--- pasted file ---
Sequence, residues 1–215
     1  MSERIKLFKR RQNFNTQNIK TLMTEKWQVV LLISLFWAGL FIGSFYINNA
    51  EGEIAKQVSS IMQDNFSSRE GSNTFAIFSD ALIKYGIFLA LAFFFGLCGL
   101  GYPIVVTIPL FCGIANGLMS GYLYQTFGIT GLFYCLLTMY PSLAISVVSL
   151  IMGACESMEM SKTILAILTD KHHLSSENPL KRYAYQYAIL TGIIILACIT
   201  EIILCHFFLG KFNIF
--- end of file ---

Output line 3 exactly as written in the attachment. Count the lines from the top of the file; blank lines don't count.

    51  EGEIAKQVSS IMQDNFSSRE GSNTFAIFSD ALIKYGIFLA LAFFFGLCGL